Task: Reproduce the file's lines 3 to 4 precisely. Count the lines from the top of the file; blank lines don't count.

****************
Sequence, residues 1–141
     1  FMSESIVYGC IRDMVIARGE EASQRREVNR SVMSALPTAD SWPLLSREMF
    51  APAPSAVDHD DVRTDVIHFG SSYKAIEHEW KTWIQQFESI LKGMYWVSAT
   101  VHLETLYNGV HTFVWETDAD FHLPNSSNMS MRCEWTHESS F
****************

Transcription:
    51  APAPSAVDHD DVRTDVIHFG SSYKAIEHEW KTWIQQFESI LKGMYWVSAT
   101  VHLETLYNGV HTFVWETDAD FHLPNSSNMS MRCEWTHESS F